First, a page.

Deadline reports Alejandro Brugués is attached to direct The Last Will and Testament of Charles Abernathy, a new horror film at Netflix written by Joe Russo and Chris Lamont. The story follows “billionaire Charles Abernathy who, on the eve of his 75th birthday, invites his four estranged children back home out of fear that tonight someone – or something – is coming to kill him. To ensure his family will help protect him from whatever’s coming, Abernathy puts each of their inheritances on the line – they’ll get nothing if he’s found dead by dawn.”

Doctor Strange in the Multiverse of Madness

In a recent interview with Glamour Magazine, Elizabeth Olsen stated Doctor Strange in the Multiverse of Madness is “a bonkers movie. [Marvel is] definitely going for that horror show vibe.”


First Kill

Jet Wilkinson (How to Get Away With Murder) is attached to direct the first two episodes of First Kill, Netflix’s upcoming young adult vampire series from producer Emma Roberts. [Deadline]


The Nevers

Spoiler TV has pictures from episode five, “Hanged. Click through to see more.

Illustration for article titled Doctor Strange 2's Elizabeth Olsen Teases 'Horror Show' Vibes for the Marvel Film

Image: HBO


Kung Fu

Nicky and Henry visit a private collector in the trailer for “Hand”next week’s episode of Kung Fu.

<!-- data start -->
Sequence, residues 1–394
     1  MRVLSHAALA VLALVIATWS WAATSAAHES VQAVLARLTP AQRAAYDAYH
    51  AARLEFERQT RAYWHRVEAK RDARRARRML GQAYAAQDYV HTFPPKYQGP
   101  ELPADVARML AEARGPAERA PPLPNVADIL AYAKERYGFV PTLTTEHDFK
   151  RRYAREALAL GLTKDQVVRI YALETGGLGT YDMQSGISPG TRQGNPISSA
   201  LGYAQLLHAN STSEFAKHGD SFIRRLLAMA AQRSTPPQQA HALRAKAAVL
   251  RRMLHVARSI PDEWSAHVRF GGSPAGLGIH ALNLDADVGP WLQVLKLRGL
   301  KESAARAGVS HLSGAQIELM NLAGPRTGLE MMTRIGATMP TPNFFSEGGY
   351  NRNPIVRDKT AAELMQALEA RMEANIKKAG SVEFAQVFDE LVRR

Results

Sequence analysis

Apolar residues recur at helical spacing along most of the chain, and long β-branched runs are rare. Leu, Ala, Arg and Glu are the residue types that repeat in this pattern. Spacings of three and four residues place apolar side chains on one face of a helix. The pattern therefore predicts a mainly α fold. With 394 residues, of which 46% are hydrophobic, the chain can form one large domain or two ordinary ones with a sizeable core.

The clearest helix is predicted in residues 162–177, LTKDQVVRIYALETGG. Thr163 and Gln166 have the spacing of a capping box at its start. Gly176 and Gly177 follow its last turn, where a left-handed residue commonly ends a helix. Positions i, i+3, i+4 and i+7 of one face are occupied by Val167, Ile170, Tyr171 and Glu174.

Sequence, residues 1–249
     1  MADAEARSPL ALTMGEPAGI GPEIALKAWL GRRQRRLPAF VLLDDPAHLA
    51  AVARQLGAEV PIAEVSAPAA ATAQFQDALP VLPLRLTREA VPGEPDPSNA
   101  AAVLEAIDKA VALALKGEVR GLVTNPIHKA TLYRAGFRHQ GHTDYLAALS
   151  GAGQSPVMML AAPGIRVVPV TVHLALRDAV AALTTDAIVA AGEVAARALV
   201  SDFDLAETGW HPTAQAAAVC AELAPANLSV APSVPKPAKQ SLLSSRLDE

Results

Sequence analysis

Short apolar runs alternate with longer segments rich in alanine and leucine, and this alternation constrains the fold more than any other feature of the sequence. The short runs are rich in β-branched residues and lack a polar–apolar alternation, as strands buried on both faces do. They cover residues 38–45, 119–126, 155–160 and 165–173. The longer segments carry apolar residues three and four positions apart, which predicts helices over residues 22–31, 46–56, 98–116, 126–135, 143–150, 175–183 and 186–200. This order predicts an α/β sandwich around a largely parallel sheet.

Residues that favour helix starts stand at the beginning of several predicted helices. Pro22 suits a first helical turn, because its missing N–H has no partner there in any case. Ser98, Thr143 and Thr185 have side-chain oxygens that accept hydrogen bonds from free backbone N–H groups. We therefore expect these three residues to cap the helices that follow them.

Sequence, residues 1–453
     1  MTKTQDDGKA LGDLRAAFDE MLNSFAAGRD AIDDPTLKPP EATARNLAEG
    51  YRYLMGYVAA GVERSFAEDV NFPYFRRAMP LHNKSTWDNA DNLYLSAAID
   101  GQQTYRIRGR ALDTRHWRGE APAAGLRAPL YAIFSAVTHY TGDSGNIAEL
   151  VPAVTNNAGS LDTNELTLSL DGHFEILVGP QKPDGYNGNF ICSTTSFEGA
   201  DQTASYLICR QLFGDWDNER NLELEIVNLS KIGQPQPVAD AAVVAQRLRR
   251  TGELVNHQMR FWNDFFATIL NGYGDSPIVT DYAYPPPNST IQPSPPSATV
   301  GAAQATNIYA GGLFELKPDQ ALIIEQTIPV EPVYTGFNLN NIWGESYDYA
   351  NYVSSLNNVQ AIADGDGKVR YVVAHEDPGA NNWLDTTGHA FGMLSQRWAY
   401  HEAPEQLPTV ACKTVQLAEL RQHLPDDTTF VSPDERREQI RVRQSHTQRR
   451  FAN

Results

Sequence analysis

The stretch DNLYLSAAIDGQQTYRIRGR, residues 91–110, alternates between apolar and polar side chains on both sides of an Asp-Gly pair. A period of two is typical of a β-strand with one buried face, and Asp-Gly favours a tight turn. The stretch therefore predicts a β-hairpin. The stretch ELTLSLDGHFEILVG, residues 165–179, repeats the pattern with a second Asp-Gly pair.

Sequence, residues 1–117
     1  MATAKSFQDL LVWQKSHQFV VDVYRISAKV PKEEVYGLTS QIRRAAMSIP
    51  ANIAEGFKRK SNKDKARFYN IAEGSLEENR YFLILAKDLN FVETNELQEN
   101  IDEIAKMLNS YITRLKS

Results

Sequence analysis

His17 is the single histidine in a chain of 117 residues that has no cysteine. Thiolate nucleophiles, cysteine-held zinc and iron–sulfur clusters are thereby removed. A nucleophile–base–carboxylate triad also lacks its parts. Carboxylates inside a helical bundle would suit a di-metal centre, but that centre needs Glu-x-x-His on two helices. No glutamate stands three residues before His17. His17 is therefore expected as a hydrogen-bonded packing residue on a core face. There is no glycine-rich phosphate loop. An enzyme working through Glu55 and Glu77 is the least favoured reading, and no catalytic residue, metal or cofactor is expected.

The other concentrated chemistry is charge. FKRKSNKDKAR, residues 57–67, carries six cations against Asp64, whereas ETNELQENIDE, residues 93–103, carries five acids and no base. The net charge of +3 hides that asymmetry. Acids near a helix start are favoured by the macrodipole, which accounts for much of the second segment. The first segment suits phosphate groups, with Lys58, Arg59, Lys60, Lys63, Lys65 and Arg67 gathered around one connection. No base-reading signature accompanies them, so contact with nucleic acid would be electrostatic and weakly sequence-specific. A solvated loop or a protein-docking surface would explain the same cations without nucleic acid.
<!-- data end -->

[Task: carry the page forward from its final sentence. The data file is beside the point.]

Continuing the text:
Finally, Bloody-Disgusting has an exclusive clip from “Pipe Screams”tonight’s episode of Creepshow starring Barbara Crampton.

Banner art by Jim Cook


Apple’s iOS 15 will reportedly bring big upgrades to notifications and the home screen – CNET


Apple will include new notification settings, an upgraded home screen for iPads and a handful of other changes in its new iOS and iPadOS operating systems rolling out later this year, according to a new report from Bloomberg. The report didn’t give further details on exactly what those updates will be, but it said that iOS 15 will also deliver additional security protections as well.

Apple usually reveals details about new versions of iOS at its Worldwide Developers Conference. This year, WWDC is starting June 7. The operating system will likely launch in September, as new versions almost always do.